Local Businesses Fear Closure as Plans to Restore A226 Galley Hill Road in Swanscombe Face Delays

Plans to reopen and restore A226 Galley Hill Road in Swanscombe have been discussed, but local businesses are warning that time is quickly running out for them.

After nine months of being closed due to a landslide, four options have been proposed to repair the collapsed road.

At a recent meeting with local councillors and residents, Kent County Council (KCC) revealed that they have yet to gain access to the site on the A226 Galley Hill Road.

This is despite the road first crumbling in April of last year, with businesses expressing concerns that they may not survive if there is no concrete plan to reopen the road.

During the meeting at Swanscombe Heritage Hall, KCC Highways representative Toby Howe explained the slow progress, citing the involvement of multiple parties and ongoing legal issues.

He confirmed that a contract has been secured with a company to investigate and stabilize the cliff, but work cannot begin until the legal issues have been resolved.

While non-intrusive surveys have been conducted to assess the stability of the cliff, further investigation is needed before repair work can commence.

According to Mr. Howe, there are two landowners involved in the process and a license is required to work on their property.

He expressed hope that the council will be granted access to the site next month to assess the extent of the damage and begin the repair process.

In the meantime, four options have been discussed to fix the damaged road between Swanscombe High Street and Ebbsfleet United Football Club’s Kuflink Stadium in Northfleet.

These options include repairing the road quickly, creating a single carriageway with traffic lights, building a retaining wall and relocating businesses at the base of the cliff, or constructing a suspended road.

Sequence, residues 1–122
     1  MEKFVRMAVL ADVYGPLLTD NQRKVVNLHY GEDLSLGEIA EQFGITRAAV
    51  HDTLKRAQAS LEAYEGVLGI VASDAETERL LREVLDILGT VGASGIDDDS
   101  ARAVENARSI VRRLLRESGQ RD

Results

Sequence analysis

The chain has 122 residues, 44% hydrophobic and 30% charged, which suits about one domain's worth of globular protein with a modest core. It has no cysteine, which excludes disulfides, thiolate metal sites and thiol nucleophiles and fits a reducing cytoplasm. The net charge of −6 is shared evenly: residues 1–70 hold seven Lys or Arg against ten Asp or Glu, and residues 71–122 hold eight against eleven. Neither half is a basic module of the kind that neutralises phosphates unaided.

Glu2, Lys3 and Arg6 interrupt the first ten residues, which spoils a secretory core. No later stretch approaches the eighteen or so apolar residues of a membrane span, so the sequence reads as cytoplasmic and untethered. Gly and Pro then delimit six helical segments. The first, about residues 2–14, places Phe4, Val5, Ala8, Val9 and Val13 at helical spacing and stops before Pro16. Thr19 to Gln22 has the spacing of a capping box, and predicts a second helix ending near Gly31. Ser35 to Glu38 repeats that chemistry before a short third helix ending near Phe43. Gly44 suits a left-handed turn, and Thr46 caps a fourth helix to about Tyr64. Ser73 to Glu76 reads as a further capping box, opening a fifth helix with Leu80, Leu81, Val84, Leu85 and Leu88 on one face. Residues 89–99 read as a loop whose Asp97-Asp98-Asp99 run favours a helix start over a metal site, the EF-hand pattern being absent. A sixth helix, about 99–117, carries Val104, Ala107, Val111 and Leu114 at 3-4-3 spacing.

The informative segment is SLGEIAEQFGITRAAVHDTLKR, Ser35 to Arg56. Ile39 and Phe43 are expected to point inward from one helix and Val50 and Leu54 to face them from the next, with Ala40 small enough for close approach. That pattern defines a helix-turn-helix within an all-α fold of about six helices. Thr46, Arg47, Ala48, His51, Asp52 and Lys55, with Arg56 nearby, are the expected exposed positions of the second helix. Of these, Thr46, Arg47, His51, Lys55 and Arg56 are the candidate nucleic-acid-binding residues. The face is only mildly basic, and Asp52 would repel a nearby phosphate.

However, as KCC has not been able to assess the damage, the cost of these options cannot be estimated. Mr. Howe believes that it will require a multimillion-pound scheme and is hoping for assistance from central government.

Dartford MP Gareth Johnson, who attended the meeting, expressed frustration with the lack of progress and emphasized the need for a resolution as soon as possible.

Minister for Roads and Transport Guy Opperman, who was visiting Kent on the same day, stated that his door is open to discuss the issue with KCC.

Councillor Peter Harman, who led the meeting, expressed his concerns about the impact on residents and businesses and called on Thames Water to take more responsibility as the collapse was caused by a burst water pipe.

One resident who has attended all three meetings expressed disappointment in the lack of progress and fears that the issue will continue for years.

MP Johnson also highlighted the urgency of the situation, as the closure has caused significant traffic and could potentially result in loss of life during emergencies.

One business that has been severely affected by the closure is MBC Dispatch Racing, located next to the closed road. Owner Michael Cheel has experienced significant financial losses and a lack of passing trade, with no idea where to go for help or compensation.

He expressed frustration with the slow progress and concerns that his business may not survive until the road is reopened.

Another resident meeting is planned for April, on the one-year anniversary of the collapse, where more updates are expected to be shared.

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